4. Vanity therefore it is, to seek after perishing riches, and to trust in them.
It is also vanity to hunt after honors, and to climb to high degree.
It is vanity to follow the desires of the flesh, and to labor for that for which thou must afterward suffer more grievous punishment.
Vanity it is, to wish to live long, and to be careless to live well.
It is vanity to mind only this present life, and not to foresee those things which are to come.
It is vanity to set thy love on that which speedily passes away, and not to hasten thither where everlasting joy abides.
5. Call often to mind that proverb that, "The eye is not satisfied with seeing, nor the ear filled with hearing."
Endeavor therefore to withdraw thy heart from the love of visible things, and to turn thyself to the invisible.
For they that follow their lusts, do stain their own consciences, and lose the favor of God.
Chapter TwoOf Thinking Humbly of Ourselves
* * *
All men naturally desire to know; but what does knowledge avail without the fear of God?
Surely an humble husbandman that serveth God is better than a proud philosopher that, neglecting himself, laboreth to understand the course of the heavens.
Whoso knoweth himself well, is lowly in his own sight and delighteth not in the praises of men.
If I understood all things in the world, and were not charitable, what would that help me in the sight of God, who will judge me according to my deeds?
2. Cease from an inordinate desire of knowing, for therein is much distraction and deceit.
The learned are well-pleased to seem so to others, and to be accounted wise.
There are many things, which to know is of little or no profit to the soul:
And he is very unwise, that is intent upon other things than those that may serve for his salvation.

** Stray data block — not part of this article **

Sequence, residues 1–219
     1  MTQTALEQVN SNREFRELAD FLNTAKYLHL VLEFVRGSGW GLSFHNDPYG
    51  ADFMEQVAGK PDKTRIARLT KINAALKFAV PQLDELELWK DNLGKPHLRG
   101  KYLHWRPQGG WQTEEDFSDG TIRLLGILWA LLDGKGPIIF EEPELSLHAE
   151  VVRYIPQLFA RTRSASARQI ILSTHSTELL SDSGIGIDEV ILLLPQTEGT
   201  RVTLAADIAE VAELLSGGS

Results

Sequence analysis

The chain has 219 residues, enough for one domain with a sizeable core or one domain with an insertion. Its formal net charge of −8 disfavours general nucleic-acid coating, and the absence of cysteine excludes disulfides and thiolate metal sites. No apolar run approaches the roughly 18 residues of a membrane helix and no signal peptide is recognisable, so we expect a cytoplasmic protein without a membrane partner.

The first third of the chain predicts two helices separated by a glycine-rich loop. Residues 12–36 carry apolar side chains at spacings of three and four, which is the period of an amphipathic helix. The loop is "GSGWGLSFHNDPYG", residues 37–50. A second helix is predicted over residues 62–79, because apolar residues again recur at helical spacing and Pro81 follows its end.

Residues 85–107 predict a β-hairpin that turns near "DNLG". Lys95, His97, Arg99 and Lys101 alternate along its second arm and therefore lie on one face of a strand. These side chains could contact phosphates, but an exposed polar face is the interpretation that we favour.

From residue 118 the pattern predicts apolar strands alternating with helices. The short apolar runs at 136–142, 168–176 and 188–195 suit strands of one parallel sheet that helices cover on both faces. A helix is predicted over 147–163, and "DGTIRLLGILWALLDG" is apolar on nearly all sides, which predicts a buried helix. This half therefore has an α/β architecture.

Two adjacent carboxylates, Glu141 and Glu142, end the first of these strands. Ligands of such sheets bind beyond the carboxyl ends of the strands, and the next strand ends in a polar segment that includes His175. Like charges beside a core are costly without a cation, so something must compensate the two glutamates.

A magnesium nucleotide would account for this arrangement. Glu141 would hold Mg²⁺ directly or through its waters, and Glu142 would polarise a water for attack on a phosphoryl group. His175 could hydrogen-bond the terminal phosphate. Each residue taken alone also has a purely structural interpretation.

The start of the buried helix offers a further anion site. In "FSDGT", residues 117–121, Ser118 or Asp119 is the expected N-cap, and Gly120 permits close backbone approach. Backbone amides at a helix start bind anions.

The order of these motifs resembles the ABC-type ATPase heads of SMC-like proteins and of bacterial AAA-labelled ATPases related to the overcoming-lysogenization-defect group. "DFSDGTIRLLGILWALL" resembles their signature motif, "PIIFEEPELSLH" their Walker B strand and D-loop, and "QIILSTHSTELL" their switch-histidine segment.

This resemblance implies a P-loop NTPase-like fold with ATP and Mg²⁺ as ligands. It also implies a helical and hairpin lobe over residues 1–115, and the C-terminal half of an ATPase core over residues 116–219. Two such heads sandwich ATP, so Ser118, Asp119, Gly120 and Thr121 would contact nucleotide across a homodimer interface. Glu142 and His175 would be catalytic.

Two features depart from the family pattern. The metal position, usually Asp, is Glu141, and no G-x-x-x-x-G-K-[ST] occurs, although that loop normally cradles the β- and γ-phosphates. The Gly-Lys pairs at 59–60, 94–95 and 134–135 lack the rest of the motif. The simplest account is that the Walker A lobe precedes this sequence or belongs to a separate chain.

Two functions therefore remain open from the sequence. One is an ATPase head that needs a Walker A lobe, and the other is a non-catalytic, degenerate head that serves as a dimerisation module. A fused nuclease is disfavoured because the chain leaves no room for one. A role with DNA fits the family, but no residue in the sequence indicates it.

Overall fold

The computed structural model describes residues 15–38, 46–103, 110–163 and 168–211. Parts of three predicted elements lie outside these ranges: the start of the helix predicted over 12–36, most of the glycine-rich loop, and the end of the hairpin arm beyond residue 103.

Many words do not satisfy the soul; but a good life comforteth the mind, and a pure conscience giveth great assurance in the sight of God.
3. How much the more thou knowest, and how much the better thou understandest, so much the more severely shalt thou therefore be judged, unless thy life be also more holy.
Be not therefore extolled in thine own mind for any art or science which thou knowest, but rather let the knowledge given thee make thee more humble and cautious.
If thou thinkest that thou understandest and knowest much; know also that there be many things more which thou knowest not.
Do not seem to be overwise, but rather acknowledge, thine own ignorance.
Why wilt thou prefer thyself before others, since there be many more learned, and more skillful in the Scripture than thou art?
If thou wilt know or learn anything profitably, desire to be unknown, and to be little esteemed by man.
4. The highest and most profitable reading is the true knowledge and consideration of ourselves.
It is great wisdom and perfection to esteem ourselves as nothing, and to think always well and highly of others.
If thou shouldest see another openly sin, or commit some heinous offence, yet oughtest thou not to esteem the better of thyself; for thou knowest not how long thou shah be able to remain in good estate.
We are all frail, but thou oughtest to hold none more frail than thyself.
Chapter ThreeOf the Doctrine of Truth
* * *
Happy is he whom truth by itself doth teach, not by figures and words that pass away; but as it is in itself.
Our own opinion and our own sense do often deceive us, and they discern but little.